Diabetes in Children: Counting Carbs
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Carbohydrate counting is a skill that can help you and your child plan his or her meals to manage diabetes and control blood sugar. Carbohydrate counting also can allow your child to eat a variety of foods, just like other kids, and to increase his or her sense of control and confidence in managing diabetes.
When you and your child know how much carbohydrate is in food, you can spread it throughout the day and control portion sizes. This helps to keep your child's blood sugar in his or her target range after meals. High blood sugar can make your child feel tired and thirsty and, over time, can damage many body organs and tissues.
- Carbohydrate is the nutrient that makes blood sugar rise the most.
- Using this method to provide consistent carbohydrate at each meal helps a child keep blood sugar at his or her target level.
- You need to consult a registered dietitian or certified diabetes educator to help you and your child understand and use carbohydrate counting.
More information about diabetes in children can be found in these topics:
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Carbohydrate counting is the recommended method of meal planning for people who have diabetes. It involves adding up the amount of carbohydrate in the foods you eat. Spreading carbohydrate evenly throughout the day helps prevent high blood sugar after eating, because carbohydrate affects blood sugar more than other nutrients. Within 2 hours after a person eats any kind of carbohydrate, most of it has changed to blood sugar. Foods that contain carbohydrate include:
- Fruits and starchy vegetables (such as potatoes and corn).
- Milk and yogurt.
- Starchy foods (such as breads, cereals, rice, and pasta).
- Sugary foods (such as candy and cakes).
Foods that contain sugar usually have more total carbohydrate in a serving than foods that contain starch. Contrary to what you may have heard, your child can eat foods that contain sugar, such as cookies. But if foods that are high in sugar make up a large part of your child's meals and snacks, he or she is probably getting too much carbohydrate and is not eating enough of other, more nutritious foods.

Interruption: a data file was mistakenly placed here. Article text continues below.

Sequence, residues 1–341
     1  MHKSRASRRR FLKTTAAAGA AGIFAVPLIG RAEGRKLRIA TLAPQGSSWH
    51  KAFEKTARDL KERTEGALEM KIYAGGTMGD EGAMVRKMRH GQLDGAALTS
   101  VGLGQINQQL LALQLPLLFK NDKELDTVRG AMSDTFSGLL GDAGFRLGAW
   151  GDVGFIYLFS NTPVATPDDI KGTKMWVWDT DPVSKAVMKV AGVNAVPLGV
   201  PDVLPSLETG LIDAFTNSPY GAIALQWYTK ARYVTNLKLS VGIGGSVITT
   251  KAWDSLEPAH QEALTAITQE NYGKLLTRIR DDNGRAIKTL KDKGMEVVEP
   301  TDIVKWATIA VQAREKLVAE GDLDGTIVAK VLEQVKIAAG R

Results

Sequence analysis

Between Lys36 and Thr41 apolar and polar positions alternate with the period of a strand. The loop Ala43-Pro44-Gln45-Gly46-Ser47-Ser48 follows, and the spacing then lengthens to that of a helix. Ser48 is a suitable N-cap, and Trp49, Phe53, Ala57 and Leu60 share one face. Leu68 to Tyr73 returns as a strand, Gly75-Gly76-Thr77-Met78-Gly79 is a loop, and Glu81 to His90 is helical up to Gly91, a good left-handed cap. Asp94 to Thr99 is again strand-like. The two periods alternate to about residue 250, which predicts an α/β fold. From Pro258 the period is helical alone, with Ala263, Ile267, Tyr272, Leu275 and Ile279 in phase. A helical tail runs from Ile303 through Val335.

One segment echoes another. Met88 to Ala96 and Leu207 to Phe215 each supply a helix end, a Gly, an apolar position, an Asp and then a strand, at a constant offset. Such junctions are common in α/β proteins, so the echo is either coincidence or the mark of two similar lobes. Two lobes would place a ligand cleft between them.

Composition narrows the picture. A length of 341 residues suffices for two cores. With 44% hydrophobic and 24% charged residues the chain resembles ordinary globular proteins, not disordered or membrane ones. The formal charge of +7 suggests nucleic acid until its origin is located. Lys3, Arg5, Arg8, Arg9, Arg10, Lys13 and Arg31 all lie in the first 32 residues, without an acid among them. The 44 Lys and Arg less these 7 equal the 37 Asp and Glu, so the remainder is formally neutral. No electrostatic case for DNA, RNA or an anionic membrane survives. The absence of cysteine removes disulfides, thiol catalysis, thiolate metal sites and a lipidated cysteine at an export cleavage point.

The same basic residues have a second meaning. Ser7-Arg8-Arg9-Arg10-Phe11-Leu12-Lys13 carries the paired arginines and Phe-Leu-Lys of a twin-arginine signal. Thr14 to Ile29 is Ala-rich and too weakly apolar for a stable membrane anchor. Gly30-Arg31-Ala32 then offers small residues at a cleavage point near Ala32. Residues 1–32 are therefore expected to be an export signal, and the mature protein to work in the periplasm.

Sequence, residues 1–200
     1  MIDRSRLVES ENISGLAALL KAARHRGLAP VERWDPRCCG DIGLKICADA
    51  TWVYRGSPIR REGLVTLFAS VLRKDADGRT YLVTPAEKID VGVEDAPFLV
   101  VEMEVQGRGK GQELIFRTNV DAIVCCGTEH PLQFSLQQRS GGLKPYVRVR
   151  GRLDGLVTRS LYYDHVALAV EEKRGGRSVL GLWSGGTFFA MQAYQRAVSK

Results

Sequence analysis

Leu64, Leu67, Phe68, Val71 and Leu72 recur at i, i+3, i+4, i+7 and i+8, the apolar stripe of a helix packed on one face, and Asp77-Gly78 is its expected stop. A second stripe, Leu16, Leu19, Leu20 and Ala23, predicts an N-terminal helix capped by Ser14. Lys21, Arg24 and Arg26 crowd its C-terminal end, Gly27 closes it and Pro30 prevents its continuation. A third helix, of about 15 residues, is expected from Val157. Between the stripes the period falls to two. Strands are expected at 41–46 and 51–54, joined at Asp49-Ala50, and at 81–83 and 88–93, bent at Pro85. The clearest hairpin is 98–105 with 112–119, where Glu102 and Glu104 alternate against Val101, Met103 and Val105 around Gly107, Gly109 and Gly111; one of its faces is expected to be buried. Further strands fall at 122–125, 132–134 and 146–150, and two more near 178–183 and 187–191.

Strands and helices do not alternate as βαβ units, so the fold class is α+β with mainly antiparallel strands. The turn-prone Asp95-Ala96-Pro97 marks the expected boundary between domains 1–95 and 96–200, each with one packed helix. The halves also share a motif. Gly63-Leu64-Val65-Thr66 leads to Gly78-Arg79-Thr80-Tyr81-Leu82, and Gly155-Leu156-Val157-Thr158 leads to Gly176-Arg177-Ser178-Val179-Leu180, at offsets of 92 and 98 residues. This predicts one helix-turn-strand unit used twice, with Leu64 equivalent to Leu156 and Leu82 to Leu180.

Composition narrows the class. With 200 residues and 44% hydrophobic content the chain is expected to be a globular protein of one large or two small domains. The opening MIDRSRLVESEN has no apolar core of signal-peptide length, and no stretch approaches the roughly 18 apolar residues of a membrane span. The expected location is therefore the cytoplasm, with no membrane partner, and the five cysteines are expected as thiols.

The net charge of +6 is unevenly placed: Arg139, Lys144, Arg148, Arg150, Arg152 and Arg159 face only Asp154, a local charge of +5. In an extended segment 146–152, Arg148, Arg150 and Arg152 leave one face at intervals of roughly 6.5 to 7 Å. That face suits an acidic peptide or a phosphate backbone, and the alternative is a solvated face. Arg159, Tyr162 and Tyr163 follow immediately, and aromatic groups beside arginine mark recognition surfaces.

Carbohydrate counting helps you know how much carbohydrate your child is eating during a meal or snack. Knowing this gives you a more accurate estimate of how much his or her blood sugar will rise after eating. The more carbohydrate he or she eats at one time, the higher the blood sugar level will rise. Carbohydrate counting also helps if:
- Your child takes insulin before meals and his or her doctor wants to vary the dose according to the amount of carbohydrate in the meal. Even if your child doesn't take insulin, carbohydrate counting will help keep his or her blood sugar in a target range. For example, your child's doctor may suggest that your child take one unit of fast-acting insulin for every 10 to 15 grams of carbohydrate in a meal. This insulin-to-carbohydrate ratio is not the same for every person and will be decided by you and your child's doctor.
- Your child wants to eat a high-sugar food, such as a piece of birthday cake. You can substitute the piece of cake for a serving of other carbohydrate food in your child's meal plan. If your child takes insulin, you can adjust the insulin dose to cover the extra carbohydrate. Your doctor or certified diabetes educator can teach you how to do this.
Spreading your child's carbohydrates throughout the day will help keep his or her blood sugar levels within a target range, preventing low or high blood sugar. Both low and high blood sugar levels can cause emergency situations. Over time, high blood sugar levels can damage many body tissues and organs.
For more information on carbohydrate counting when using insulin, see:
- Diabetes: Counting Carbs if You Use Insulin.
Here are some ways to help you and your child count the carbohydrate content of his or her food and spread the amount throughout the day. Your child will have the best chance of success if you and other members of the family also eat a variety of healthy foods.